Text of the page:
The Psychology of Blame
Have you ever wondered what is behind the phenomena of blaming? What’s in it for the blamer? What does it do for them?
I must admit that I was curious about this, and now that we are about to begin Le Grande Blamerama, (What Happened?), I thought others might find it interesting.
Being a teacher of interpersonal communication, I have a good working knowledge of attribution theory. I knew this was probably a good place to start my research.
I’m going to simplify this considerably, but attribution theory says we tend to ascribe negative motives to others, while perceiving ourselves as having purer, more noble motives.
I was telling the class about attribution theory. I used the example of what happens when a class member walks in late. I said, “The thoughts going through all the seated, on-time students might be ‘he’s so undisciplined; he never can make it to class on time;’ ‘he needs to leave for class earlier;’ or ‘this guy doesn’t take his education seriously.'”
However, I told the class, if YOU are the one arriving late, the train of thought in YOUR mind goes like this: “Traffic! Rush hour is a horrible time to travel to class.” Or “This campus needs to provide better parking for students.”
Note how YOU don’t need to leave earlier. Note how YOU are the poor soul who has to travel during rush hour.
What does this have to do with blame?
First, the blamer feels bad. He/she feels bad because of DACA. This person feels bad because Trump is obviously inadequate for the presidency. He or she feels bad that other countries are laughing at us for having such a buffoon in the White House.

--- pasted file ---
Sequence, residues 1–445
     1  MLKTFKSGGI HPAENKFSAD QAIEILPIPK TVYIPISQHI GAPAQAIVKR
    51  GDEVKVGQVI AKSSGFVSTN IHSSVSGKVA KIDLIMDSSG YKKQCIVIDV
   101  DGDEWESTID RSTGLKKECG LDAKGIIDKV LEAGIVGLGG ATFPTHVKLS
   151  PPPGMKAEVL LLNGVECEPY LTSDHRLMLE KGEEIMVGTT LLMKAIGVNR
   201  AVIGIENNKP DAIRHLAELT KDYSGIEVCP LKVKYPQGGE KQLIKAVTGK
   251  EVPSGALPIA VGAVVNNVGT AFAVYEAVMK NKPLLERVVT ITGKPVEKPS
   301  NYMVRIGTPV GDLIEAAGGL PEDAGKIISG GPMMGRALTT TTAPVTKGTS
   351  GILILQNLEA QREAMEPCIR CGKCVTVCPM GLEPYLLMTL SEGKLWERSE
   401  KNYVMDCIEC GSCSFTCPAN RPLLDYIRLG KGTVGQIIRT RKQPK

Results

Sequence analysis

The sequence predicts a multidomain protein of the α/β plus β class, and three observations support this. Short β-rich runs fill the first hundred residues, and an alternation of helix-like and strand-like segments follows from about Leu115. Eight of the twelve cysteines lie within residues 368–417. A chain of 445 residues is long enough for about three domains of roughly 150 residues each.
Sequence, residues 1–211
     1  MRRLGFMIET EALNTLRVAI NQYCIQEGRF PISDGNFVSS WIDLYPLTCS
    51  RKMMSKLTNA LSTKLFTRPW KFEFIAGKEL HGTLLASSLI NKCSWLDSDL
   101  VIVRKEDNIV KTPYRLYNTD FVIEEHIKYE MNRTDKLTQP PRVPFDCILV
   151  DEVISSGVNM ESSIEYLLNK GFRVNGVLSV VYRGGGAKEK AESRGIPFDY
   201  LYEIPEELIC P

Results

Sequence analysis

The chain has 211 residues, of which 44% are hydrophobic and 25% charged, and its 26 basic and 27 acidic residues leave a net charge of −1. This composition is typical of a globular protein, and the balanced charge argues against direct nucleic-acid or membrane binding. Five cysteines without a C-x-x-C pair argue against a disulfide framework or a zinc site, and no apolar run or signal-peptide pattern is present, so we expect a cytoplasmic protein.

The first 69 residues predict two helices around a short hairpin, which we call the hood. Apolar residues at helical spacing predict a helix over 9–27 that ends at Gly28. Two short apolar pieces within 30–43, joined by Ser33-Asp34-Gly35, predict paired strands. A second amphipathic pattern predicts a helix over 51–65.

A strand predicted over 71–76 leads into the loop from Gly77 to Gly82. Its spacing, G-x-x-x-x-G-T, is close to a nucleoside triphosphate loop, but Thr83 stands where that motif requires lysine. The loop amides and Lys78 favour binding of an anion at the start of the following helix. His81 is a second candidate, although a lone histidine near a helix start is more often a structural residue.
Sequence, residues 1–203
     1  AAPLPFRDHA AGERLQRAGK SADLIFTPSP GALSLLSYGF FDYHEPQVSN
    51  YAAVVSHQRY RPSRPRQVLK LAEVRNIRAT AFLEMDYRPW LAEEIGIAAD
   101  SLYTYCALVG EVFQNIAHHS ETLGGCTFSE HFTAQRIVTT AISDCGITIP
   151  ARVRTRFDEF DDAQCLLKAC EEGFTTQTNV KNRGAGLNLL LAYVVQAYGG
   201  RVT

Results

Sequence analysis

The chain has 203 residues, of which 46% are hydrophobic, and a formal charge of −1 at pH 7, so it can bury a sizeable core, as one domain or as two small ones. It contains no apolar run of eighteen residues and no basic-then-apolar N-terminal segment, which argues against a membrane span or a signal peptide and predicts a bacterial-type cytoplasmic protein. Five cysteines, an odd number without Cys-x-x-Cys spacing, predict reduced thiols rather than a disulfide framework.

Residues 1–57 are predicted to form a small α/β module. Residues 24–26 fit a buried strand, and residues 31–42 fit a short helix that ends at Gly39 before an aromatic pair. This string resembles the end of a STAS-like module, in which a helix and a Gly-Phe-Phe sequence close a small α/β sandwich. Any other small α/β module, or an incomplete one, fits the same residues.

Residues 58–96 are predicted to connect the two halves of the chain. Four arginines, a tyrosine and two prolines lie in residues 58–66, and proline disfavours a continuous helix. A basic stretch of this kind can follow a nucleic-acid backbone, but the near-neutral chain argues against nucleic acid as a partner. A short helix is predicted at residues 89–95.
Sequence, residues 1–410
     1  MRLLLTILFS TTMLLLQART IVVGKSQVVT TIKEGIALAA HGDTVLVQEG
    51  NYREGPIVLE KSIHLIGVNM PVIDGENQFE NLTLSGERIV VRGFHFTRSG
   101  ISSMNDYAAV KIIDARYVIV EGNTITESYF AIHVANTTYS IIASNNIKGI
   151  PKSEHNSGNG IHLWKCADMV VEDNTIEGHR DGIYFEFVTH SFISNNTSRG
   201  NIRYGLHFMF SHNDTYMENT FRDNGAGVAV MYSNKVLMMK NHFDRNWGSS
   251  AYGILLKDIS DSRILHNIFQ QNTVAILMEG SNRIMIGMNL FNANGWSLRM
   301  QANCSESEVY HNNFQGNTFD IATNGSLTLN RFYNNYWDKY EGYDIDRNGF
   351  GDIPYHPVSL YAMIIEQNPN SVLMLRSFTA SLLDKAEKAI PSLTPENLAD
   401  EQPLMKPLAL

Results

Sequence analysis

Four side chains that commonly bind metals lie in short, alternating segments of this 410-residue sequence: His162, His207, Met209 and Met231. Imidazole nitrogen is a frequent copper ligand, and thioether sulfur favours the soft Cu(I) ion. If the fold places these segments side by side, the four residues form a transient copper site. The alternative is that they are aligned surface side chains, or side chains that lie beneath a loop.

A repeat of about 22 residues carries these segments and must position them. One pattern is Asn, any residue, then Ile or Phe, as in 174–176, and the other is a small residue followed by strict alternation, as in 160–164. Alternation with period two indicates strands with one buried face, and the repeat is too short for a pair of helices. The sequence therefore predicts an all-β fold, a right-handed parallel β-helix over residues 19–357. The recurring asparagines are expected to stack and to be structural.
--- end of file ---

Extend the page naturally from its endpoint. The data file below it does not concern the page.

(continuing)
To alleviate these negative feelings, this person blames. He blames the Bernie supporters. He blames Jill Stein. He blames Bernie himself.
But really what is going on is this: The person is feeling guilty: guilty about not donating more money to the campaign. Guilty about not contacting more people to get out the vote. Guilty for, perhaps, supporting the wrong candidate. Guilt, guilt, guilt. Unable to acknowledge that “I could have done more” or “I could have made better choices,” this person blames others. By focusing on the other, he/she can avoid facing up to one’s own responsibility in this debacle, the election of 2017.
Tonight I was at a small gathering and there were some Hillary supporters there. Most of them are in therapy, I kid you not, over this situation. They are–again, I kid you not–taking medication prescribed by their various shrinks. I decided to question what the content of the therapy sessions was, and the person I asked gave me some information that sounded like the therapist was trying to get them to focus on what they could control. Well, the only thing we can control is how we feel or act: certainly not how others feel or act. Accepting that we cannot control the actions of others precludes blame.
And that, my friends, is my little adventure into figuring out why people blame others.
Oh, there’s one more thing I’d like to add: I have been watching this over a period of time, and just like clockwork, every time Trump does something particularly egregious, I see and hear more blaming. Of course, this is not a scientific study; it is just first-hand observation.
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